Were manufacturing processes validated in the new facility? All manufacturing processes were thoroughly validated prior to restarting production. This included independent: • Installation qualifications – to ensure the equipment and processes were installed and calibrated properly. • Operational qualifications – to establish that equipment and processes meet specifications. • Performance qualifications – to establish evidence that the equipment and processes, under stress conditions, consistently meet predetermined requirements validated through sample production runs.

We welcome your visit. Some customers have already audited our new facility and their observations have been very positive.

Curtis Unveils New Overview Video and Quick Facts Pamphlet
Curtis has just rolled out a new corporate overview video that provides a synopsis of the Curtis worldwide operations. It only takes 5 minutes to view on YouTube. See the video here.
Curtis also just published a printed Quick Facts pamphlet to highlight the most pertinent facts about the company in a nutshell. To see the online flipbook on this website, simply go to the Top Menu and select: "Brochures" then "Quick Facts."

Curtis Instruments California again wins Bay Area 2016 TOP WORKPLACES AWARD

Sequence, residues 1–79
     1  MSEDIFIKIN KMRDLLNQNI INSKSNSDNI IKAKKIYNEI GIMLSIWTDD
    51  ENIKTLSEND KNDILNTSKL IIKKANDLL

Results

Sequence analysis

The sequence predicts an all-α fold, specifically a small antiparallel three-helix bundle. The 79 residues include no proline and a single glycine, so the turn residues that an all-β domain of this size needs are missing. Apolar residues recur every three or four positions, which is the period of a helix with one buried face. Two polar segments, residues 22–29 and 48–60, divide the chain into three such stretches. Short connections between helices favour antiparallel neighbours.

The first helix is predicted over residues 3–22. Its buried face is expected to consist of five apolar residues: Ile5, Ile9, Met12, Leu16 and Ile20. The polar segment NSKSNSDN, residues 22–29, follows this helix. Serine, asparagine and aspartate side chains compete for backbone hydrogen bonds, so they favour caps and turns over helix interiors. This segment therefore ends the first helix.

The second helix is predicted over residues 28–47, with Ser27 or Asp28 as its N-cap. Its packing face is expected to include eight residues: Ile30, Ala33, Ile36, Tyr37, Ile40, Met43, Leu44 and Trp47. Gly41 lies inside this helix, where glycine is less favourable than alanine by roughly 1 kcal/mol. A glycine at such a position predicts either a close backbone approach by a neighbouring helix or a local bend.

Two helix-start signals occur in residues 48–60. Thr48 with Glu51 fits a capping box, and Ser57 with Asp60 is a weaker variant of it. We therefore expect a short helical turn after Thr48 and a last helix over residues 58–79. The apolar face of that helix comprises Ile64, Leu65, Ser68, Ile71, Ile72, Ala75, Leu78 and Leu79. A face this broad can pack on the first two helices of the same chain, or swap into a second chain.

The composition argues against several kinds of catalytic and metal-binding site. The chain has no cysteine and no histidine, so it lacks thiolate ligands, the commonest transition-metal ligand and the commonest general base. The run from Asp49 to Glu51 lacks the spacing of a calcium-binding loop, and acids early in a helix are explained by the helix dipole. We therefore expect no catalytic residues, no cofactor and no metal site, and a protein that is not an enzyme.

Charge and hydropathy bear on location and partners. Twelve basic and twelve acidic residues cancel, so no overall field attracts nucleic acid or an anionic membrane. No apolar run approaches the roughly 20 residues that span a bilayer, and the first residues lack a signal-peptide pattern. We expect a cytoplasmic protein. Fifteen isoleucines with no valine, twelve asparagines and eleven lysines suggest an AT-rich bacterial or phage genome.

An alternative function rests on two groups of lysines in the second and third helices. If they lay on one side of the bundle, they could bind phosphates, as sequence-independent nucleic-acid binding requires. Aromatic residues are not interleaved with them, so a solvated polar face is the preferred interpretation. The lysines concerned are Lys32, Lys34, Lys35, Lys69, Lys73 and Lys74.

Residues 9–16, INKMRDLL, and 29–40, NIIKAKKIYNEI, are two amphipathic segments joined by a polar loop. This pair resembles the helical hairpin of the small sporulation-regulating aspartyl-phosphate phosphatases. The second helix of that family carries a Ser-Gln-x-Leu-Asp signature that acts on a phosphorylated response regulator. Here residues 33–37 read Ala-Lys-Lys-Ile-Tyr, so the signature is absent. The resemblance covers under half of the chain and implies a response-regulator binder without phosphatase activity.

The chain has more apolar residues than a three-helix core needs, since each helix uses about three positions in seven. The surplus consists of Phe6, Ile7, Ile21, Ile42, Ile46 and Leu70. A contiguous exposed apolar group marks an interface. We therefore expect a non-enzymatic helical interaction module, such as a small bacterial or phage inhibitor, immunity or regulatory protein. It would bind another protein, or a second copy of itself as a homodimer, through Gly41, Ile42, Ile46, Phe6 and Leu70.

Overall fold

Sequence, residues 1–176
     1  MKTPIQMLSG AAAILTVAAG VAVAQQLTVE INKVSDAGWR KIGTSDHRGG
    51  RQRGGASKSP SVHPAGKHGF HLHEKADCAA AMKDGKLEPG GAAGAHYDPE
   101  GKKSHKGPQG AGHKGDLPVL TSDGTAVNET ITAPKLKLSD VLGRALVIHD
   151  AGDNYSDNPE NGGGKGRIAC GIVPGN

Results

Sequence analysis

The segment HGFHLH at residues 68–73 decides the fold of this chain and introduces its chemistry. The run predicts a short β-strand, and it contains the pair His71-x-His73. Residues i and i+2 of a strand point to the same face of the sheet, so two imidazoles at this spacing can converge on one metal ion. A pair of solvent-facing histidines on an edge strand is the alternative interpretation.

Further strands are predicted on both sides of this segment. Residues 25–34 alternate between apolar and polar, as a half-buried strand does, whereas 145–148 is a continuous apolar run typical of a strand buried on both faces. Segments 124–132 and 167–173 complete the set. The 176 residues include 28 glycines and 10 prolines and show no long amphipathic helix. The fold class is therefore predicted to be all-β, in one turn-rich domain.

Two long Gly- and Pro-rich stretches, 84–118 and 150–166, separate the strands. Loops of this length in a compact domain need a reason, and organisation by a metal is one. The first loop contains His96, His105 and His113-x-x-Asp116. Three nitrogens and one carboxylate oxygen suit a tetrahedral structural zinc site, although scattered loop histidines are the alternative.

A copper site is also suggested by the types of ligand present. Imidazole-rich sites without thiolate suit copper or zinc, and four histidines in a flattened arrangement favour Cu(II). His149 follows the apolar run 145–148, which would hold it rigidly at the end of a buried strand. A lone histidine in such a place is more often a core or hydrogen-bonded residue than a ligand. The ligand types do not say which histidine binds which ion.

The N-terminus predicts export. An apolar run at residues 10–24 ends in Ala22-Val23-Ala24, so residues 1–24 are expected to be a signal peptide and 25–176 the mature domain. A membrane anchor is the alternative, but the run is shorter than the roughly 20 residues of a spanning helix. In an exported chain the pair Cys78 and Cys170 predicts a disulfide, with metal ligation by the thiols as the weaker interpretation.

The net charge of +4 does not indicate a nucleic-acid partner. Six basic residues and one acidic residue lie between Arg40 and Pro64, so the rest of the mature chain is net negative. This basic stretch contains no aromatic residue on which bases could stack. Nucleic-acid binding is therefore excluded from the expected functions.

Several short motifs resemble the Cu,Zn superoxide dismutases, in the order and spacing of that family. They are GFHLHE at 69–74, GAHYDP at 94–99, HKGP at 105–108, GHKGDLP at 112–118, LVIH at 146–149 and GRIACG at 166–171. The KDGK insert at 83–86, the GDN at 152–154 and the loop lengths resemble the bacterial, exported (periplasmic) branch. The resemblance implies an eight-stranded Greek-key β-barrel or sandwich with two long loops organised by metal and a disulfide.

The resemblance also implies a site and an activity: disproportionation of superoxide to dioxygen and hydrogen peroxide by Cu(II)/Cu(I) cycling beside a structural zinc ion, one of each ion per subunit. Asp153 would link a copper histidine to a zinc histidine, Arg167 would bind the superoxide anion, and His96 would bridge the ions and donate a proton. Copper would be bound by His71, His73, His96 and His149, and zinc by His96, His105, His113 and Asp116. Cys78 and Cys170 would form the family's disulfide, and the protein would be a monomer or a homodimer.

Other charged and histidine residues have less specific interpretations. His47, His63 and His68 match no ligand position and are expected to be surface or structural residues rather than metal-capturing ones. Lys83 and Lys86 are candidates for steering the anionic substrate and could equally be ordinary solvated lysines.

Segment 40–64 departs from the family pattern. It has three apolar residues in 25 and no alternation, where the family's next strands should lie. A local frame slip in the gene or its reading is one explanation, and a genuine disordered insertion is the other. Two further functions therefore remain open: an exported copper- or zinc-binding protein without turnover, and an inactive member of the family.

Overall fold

Curtis California,in Livermore, has again been awarded the 2016 Top Workplaces honor by The Bay Area News Group. The Top Workplaces lists are based solely on the results of an employee feedback survey administered by Workplace Dynamics,LLC,a leading research firm that specializes in organizational health and workplace improvement. Several aspects of workplace culture were measured, including Alignment, Execution, and Connection, just to name a few.

Doug Claffey, CEO of Workplace Dynamics said, “To be a Top Workplace, organizations must meet our strict standards for organizational health. And who better to ask about work life than the people who live the culture every day—the employees. Time and time again, our research has proven that what’s most important to them is a strong belief in where the organization is headed, how it’s going to get there, and the feeling that everyone is in it together. Claffey adds, “Without this sense of connection, an organization doesn’t have a shot at being named a Top Workplace.”